accounting, determine the amount of damages, establish the truth of any allegation
by evidence, or investigate any other matter. Fed. R. Civ. P. 55(b)(2).
All five of the factors the Fifth Circuit described in Lindsey weigh in
favor of granting Plaintiff a default judgment. First, Defendant has not filed a
responsive pleading or otherwise appeared in this case and thus has not contested
any of the allegations in the Complaint. Lindsey, 161 F.3d at 893; Nishimatsu, 515
F.2d at 1206 (noting that “[t]he defendant, by his default, admits the plaintiff’s
well pleaded allegations of fact”). Defendant was served with process through its
registered agent and President, Amin Dhanani, on January 25, 2013 (doc. # 5);
Defendant did not respond. On April 3, 2013, Plaintiff’s counsel sent Defendant a
letter advising that a Default had been entered by the Clerk and requesting that
Defendant answer the lawsuit within seven days. (Doc. # 8 Ex. 1.) Again,
Defendant failed to respond. Finally, this Court ordered Defendant to show cause
why default judgment should not be entered (see doc. # 9), and Defendant was
served with a copy of that Order on June 6 (see doc. # 12), yet Defendant still
failed to respond. Defendant has given the Court no reason to believe that its
failure to respond was caused by a good-faith mistake or excusable neglect.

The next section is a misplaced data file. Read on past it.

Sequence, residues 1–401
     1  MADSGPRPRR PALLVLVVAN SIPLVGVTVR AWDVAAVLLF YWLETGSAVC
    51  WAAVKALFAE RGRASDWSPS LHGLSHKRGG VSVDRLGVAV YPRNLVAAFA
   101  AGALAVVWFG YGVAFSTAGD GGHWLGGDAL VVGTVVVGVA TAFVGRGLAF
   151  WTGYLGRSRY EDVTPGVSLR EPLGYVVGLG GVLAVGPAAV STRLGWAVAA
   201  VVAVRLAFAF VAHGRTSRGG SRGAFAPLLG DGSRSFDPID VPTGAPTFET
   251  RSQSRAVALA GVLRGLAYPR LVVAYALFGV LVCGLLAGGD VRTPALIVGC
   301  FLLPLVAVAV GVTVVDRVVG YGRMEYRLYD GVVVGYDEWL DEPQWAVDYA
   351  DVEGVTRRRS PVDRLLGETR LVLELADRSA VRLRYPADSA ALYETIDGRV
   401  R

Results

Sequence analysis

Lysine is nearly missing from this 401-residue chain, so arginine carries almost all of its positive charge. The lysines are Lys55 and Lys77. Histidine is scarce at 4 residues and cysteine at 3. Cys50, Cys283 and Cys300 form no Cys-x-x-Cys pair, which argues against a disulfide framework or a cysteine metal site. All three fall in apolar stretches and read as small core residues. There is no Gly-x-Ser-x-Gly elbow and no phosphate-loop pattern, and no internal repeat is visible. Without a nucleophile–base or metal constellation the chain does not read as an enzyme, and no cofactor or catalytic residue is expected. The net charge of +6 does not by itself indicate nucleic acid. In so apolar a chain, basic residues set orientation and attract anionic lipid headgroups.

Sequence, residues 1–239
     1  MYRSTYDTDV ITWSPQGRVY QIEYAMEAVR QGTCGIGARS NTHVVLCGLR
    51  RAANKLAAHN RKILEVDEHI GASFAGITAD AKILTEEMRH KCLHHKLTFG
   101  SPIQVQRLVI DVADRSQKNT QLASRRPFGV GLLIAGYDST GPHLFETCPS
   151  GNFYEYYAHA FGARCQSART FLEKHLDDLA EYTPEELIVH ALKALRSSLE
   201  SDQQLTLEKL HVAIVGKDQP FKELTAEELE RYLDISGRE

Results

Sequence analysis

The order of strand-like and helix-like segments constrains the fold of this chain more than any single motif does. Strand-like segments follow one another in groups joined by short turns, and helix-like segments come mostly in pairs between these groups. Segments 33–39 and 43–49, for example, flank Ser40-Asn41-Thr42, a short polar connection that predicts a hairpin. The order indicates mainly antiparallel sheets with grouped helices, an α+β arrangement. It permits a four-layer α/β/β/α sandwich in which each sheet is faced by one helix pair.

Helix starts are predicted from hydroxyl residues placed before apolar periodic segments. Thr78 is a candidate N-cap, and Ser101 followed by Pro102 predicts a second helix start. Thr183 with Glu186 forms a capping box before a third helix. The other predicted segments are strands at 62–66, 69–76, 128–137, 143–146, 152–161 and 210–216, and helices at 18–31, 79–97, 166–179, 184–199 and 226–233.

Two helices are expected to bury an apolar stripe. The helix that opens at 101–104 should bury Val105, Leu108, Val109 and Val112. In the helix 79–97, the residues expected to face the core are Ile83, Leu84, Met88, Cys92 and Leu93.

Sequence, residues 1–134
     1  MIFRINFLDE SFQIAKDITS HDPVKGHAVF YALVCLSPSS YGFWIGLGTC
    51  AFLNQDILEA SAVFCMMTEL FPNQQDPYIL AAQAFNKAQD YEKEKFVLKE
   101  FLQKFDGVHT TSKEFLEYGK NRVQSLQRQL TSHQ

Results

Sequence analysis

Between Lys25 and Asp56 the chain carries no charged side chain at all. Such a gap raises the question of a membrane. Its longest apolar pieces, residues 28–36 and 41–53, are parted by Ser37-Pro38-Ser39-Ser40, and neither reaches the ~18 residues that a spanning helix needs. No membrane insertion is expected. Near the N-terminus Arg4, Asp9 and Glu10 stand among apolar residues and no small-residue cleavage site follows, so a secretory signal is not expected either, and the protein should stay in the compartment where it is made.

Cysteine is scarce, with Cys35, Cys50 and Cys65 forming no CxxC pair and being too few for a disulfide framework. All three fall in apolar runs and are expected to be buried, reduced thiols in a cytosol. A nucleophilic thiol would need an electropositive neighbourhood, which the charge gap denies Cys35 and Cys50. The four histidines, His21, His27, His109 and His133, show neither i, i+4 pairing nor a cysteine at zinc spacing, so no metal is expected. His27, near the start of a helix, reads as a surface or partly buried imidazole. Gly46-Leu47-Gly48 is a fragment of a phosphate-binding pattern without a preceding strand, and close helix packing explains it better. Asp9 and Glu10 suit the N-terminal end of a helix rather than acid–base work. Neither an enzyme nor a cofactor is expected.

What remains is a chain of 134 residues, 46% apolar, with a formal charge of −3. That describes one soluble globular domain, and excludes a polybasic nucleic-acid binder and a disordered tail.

Second, Defendant’s failure to respond to Plaintiff’s Complaint has
brought the adversary process to a halt, prejudicing Plaintiff’s interest in pursuing
the rights afforded him by law. See John Perez Graphics & Design, LLC v. Green
Tree Inv. Grp., Inc., Cv. No. 3:12-CV-4194-M, 2013 WL 1828671, at *3 (N.D.
Tex. May 1, 2013) (explaining that the defendant’s failure to respond prejudiced
the plaintiff’s rights). And third, Defendant has had six months to answer or
otherwise respond to Plaintiff’s Complaint, mitigating the harshness of a default
judgment. See id. (explaining that the harshness of a default judgment was
mitigated because the defendant had had over five months to respond and had
failed to do so).
The fourth and fifth factors also weigh in favor of granting Plaintiff
default judgment, because Defendant, by defaulting, has conceded the accuracy of
the allegations in the Complaint, and those allegations establish a violation of the
FLSA’s anti-retaliation provision. The FLSA makes it unlawful for any person
to discharge or in any other manner discriminate against any employee
because such employee has filed any complaint or instituted or caused to be
instituted any proceedings under or related to this chapter, or has testified or
is about to testify in any such proceeding, or has served or is about to serve
on an industry committee.
29 U.S.C. § 215(a)(3). In order to succeed on a claim of retaliation, a plaintiff
must first establish a prima facie case showing: “(1) participation in protected
activity under the FLSA; (2) an adverse employment action; and (3) a causal link
between the activity and the adverse action.” Hagan v. Echostar Satellite, L.L.C.,
529 F.3d 617, 624 (5th Cir. 2008). The Fifth Circuit adheres to the majority
position that an employee’s informal complaint to his employer—including an oral
complaint—may constitute protected activity under § 215. See id. at 626 (“We